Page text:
necropolis


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necropolis:

see cemeterycemetery,
name used by early Christians to designate a place for burying the dead. First applied in Christian burials in the Roman catacombs, the word cemetery came into general usage in the 15th cent.
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necropolis

necropolis of Tantalus, Sipylus; section (above)and plan (below)
1. A city of the dead; a large cemetery in ancient Egypt, Greece, Phoenicia, Carthage, etc.
2. An ancient or historic burial place.
References in periodicals archive ?
This May 11, 2015 photo shows bluebells in bloom at Glasgow's Necropolis, a 37-acre site that is home to thousands of graves in Glasgow, Scotland.
It is interesting to look at the records of early newspapers to discover some of the people who were buried at the Necropolis site.
As the archaeologists were cleaning and restoring several tombs in the necropolis that had been looted earlier, they found that in one of the chambers, part of the roof had already collapsed before the robbers could check in.
It is believed the sphinx was about to be smuggled out of the country after being stolen from the Montem Rossulum necropolis 60 miles north of Rome.
Texts from the Baboon and Falcon Galleries: demotic, hieroglyphic and Greek inscriptiom for the Sacred Animal Necropolis, North Saqqara (Egypt Exploration Society Texts from Excavations 15).
World heritage sites include the Necropolis of Pantalica, the Valley of the Temples and Selinunte.
One of the challenges was to shoot as much footage of the Necropolis, the most sacred place in the Vatican.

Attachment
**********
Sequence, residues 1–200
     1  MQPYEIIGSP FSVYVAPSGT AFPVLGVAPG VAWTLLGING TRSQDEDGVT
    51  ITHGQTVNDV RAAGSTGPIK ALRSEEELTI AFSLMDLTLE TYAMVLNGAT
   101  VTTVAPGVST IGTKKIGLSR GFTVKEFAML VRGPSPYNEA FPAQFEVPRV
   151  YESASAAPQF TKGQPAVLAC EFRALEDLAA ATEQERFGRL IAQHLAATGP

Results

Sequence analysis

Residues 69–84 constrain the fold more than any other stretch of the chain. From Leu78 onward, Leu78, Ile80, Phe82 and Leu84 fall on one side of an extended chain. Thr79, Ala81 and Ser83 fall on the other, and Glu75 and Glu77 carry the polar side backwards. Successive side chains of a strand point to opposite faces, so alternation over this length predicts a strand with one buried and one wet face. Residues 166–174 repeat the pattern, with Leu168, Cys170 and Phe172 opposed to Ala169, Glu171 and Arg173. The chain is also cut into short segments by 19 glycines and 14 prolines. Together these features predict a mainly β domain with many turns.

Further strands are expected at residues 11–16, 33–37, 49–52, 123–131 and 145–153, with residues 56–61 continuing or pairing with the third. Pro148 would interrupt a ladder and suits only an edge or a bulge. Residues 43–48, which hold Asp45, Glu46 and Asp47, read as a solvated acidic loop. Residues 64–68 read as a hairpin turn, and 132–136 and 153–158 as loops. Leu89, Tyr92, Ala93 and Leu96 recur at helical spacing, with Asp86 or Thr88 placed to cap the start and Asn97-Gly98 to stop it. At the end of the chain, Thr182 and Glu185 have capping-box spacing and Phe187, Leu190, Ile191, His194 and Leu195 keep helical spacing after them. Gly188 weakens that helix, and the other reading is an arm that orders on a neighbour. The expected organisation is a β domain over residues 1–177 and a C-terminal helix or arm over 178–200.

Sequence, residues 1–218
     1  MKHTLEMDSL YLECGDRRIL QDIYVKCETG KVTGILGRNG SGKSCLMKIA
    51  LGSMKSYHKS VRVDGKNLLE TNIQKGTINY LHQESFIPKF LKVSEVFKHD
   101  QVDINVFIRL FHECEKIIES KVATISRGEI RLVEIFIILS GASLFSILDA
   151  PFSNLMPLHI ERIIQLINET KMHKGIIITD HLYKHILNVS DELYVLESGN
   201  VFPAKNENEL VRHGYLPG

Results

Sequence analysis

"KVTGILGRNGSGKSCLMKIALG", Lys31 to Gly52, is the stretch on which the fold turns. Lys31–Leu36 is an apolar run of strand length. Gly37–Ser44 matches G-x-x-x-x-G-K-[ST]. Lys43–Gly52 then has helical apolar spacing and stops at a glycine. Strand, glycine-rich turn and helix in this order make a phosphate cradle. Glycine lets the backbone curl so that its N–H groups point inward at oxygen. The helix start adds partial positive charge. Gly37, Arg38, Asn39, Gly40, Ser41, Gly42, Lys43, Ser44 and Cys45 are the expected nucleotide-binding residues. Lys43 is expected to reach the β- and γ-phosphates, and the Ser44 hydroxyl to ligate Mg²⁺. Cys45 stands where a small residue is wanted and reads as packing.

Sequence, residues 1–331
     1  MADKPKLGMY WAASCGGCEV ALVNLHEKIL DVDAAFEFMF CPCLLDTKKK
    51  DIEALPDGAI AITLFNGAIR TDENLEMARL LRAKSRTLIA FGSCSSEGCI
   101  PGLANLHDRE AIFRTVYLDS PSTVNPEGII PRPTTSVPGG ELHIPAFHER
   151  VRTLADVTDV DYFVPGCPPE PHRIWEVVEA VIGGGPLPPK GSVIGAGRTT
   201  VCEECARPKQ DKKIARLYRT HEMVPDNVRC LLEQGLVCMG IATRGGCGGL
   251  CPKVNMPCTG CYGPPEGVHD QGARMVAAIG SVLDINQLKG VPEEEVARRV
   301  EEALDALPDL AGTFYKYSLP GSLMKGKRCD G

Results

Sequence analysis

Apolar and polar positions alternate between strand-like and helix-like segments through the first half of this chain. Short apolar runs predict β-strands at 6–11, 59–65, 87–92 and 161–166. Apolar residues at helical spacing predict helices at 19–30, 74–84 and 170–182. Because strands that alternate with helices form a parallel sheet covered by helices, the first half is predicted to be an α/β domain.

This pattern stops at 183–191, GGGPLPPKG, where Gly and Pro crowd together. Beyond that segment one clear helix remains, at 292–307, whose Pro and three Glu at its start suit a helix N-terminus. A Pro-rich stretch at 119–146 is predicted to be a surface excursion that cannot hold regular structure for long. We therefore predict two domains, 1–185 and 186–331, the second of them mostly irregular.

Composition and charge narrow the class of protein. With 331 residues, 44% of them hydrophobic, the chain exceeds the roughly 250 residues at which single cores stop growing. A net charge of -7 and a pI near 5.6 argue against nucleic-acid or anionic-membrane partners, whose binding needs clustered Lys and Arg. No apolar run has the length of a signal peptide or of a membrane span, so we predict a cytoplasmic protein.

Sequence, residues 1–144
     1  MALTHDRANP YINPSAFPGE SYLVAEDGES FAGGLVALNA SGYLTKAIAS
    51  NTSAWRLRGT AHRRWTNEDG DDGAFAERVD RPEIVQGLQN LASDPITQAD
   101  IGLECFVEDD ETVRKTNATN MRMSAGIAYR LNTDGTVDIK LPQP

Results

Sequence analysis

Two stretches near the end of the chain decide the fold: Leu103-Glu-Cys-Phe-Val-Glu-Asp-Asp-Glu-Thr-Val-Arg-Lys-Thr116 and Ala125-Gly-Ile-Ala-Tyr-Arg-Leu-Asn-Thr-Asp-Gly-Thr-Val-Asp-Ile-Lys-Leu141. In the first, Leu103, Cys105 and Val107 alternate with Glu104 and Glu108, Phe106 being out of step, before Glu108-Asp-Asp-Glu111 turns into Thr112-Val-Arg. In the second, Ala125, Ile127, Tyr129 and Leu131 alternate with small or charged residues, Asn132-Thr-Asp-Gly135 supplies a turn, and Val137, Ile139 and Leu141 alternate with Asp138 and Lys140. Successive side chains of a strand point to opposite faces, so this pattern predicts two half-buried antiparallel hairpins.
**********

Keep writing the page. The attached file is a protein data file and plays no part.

Both articles refer to Cerveteri, the necropolis with streets and squares of seventh and sixth century BC chamber tombs.
Talleman added that Roman emperor Alexander Severus had originated in Tal-Arqa and that Hakour necropolis became visible to the beholder thanks to the arduous work undertaken by the mission.
There are two Turkish-style baths, one of them decorated with mosaics, plus a gymnasium, five bridges on Kocacay river which are still used today, an old dam, a trading building, avenues with columns on both sides, necropolis (cemetery) areas and the sacred cave of goddess Meter Steunene.
Among the works in the artist's recent show at Murray Guy, titled "My Necropolis," Davey's "Copperheads," 1990, a series of close-ups of Abraham Lincoln's profile on the face of the US currency with the least worth, perhaps pushes this notion the furthest, while also eloquently summarizing how the exhibition as a whole evinced not only a refusal to fetishize the new but also a sense that these impressions of spent desires are images received, rather than taken.